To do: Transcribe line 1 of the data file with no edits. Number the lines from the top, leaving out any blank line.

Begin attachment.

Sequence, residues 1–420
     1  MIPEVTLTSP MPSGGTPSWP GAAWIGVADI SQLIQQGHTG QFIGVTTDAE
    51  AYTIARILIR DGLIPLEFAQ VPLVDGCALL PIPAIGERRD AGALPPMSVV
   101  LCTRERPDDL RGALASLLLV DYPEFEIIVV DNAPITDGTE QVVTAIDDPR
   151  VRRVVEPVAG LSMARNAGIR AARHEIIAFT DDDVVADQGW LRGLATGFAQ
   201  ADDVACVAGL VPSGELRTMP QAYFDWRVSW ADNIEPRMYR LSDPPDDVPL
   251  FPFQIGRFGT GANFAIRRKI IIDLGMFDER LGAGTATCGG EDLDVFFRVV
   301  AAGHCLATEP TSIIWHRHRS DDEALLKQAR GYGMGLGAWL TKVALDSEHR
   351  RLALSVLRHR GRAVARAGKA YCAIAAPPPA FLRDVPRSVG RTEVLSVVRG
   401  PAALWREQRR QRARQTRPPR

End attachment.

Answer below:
Sequence, residues 1–420